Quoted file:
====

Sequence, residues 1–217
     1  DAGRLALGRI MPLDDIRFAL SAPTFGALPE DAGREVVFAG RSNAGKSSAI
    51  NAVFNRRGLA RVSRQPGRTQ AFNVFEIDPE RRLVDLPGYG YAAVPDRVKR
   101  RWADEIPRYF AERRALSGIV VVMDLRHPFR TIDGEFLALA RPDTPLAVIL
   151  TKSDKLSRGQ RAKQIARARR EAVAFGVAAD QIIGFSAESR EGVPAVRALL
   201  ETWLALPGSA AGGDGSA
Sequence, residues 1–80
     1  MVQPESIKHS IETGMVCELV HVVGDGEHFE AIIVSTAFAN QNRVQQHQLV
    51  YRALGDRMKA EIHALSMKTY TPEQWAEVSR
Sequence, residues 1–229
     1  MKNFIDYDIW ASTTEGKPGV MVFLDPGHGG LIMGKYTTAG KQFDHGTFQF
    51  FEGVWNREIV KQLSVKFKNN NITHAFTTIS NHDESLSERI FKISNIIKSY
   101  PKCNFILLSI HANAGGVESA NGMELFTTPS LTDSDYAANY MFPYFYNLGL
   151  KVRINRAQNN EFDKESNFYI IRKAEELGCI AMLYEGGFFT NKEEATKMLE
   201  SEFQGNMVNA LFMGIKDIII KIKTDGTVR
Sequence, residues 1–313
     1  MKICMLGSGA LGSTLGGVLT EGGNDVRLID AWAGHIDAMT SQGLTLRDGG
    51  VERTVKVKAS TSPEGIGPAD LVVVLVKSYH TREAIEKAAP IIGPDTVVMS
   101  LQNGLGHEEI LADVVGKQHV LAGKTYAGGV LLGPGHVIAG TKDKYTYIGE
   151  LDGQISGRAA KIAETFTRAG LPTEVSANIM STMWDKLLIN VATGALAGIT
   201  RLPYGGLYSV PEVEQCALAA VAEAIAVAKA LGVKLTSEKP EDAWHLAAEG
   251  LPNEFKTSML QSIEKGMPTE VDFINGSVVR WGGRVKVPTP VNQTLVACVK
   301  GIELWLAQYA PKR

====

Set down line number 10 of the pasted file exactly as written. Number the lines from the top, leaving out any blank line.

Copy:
Sequence, residues 1–229